Mycorrhizae Fungus Good For Optimal Plant Growth


Mycorrhizae Fungus Good For Optimal Plant Growth

Mycorrhizae Fungus Good For Optimal Plant GrowthMycorrhizae Fungus Good For Optimal Plant Growth

Approximately 80 to 90 percent of the plants on earth requires the presence of mycorrhizae fungus for optimal plant growth. The fossilized remains of the earliest plants found on earth show evidence of the roots of plants and mycorrhizal fungi working together 450 million years ago.

A healthy soil food web includes mycorrhizae, beneficial nematodes, protozoa, beneficial bacteria, earthworms, small animals, and arthropods to name a few. They occur naturally, in most ecosystems. However many of our activities as humans destroy or reduce their presence.

In the suburban garden our construction practices, tillage (cultivation), removal of topsoil, site preparation, compaction, leaving soil bare, heavy use of chemical fertilizers and pesticides, as well as the introduction of invasive species has reduced or eliminated the populations of mycorrhizae.

Beneficial mycorrhizal fungi attach to the roots of a compatible plant. All plants have roots and root hairs serving to anchor the plant and extract some nutrients and water from the soil. The roots and root hairs, by themselves, are relatively large and not as efficient at nutrient and water extraction as you might think. The mycorrhizal fungi have tiny filaments (called hyphae), which attach to the roots, then extend from the roots effectively increasing the root surface area severalfold. These hyphae are tiny (thinner than the hairs on your hand) and a single tablespoon of soil may have several hundred meters of mycorrhizal hyphae that serve to expand the area that the plant can mine for nutrients and water.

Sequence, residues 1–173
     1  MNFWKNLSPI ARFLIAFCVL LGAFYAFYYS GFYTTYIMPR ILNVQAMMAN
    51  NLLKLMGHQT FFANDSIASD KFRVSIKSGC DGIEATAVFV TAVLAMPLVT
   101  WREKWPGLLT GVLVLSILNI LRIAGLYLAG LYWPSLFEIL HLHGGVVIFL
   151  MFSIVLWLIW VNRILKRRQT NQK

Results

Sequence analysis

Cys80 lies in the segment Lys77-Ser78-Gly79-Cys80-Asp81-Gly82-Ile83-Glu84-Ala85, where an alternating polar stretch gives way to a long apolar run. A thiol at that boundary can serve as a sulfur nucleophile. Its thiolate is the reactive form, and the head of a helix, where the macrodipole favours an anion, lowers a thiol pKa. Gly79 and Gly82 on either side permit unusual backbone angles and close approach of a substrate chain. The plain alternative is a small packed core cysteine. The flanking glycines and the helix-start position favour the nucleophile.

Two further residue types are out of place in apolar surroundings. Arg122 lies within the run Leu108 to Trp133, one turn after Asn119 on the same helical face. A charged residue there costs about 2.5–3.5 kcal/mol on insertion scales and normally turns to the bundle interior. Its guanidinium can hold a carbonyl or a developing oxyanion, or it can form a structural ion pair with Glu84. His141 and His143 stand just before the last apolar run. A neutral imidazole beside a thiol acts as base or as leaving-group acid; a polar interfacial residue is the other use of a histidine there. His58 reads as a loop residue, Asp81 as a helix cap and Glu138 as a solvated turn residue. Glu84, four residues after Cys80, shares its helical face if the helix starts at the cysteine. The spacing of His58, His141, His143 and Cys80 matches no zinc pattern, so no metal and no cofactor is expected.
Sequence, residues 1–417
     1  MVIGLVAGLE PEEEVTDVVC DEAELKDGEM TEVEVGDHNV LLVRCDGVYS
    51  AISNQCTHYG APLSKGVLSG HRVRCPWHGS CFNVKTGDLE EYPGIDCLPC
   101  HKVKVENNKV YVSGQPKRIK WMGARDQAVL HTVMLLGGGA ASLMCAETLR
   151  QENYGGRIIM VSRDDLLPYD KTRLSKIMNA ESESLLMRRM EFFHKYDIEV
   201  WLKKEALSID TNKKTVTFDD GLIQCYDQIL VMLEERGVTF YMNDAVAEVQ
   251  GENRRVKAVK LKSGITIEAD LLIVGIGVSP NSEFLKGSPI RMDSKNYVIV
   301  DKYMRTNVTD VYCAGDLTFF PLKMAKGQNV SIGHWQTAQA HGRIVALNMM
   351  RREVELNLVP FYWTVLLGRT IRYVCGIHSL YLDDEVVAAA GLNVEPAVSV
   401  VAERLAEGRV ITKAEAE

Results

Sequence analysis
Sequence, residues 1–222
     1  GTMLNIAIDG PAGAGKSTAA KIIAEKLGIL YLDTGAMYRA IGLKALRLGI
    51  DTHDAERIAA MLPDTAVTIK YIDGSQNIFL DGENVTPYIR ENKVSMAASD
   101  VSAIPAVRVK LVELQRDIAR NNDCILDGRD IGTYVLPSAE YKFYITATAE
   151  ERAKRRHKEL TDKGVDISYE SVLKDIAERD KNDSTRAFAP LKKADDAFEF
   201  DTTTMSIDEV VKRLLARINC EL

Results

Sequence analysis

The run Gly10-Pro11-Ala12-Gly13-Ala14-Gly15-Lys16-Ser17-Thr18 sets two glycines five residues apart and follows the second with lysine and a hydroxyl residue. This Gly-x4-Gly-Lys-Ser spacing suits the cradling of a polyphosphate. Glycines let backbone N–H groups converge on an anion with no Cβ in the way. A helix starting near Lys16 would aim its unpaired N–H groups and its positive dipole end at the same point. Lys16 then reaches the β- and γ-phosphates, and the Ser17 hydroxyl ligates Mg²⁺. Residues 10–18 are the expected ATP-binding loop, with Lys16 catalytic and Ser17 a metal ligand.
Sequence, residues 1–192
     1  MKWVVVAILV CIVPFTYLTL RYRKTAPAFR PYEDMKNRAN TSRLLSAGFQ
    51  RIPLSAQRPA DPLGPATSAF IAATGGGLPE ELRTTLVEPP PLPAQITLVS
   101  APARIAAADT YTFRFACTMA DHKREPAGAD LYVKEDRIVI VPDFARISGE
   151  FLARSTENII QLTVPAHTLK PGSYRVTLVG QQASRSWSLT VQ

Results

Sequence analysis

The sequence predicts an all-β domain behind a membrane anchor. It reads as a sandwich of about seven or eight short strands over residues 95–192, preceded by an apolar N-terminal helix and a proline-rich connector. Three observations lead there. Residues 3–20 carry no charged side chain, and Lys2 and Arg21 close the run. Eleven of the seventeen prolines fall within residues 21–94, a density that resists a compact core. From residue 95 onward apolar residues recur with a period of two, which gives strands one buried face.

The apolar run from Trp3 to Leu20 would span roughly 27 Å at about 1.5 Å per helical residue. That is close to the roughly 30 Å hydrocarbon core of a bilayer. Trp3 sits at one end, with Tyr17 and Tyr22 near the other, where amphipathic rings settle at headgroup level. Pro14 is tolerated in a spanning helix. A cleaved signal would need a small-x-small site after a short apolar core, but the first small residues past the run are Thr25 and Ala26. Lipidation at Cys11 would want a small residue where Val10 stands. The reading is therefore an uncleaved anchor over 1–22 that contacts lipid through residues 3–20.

These mycorrhizae are efficient at extracting phosphorus, zinc, copper, and water to name a few items that the mycorrhizal fungi provide to the plant. So what do the fungi get in return; we referred to it as a symbiotic relationship. The mycorrhizal fungi have no chlorophyll and so cannot create their own carbohydrates for metabolism and growth. Thus the plant provides some carbohydrates, derived from photosynthesis as repayment. A win-win relationship for the plant and the mycorrhizal fungi.

Mycorrhizal fungi are available in easy to use formulations. Simply apply directly to the root zone at the time of planting. These formulations are available for annuals, perennials, vegetables, trees, shrubs, and bulbs to name a few applications.

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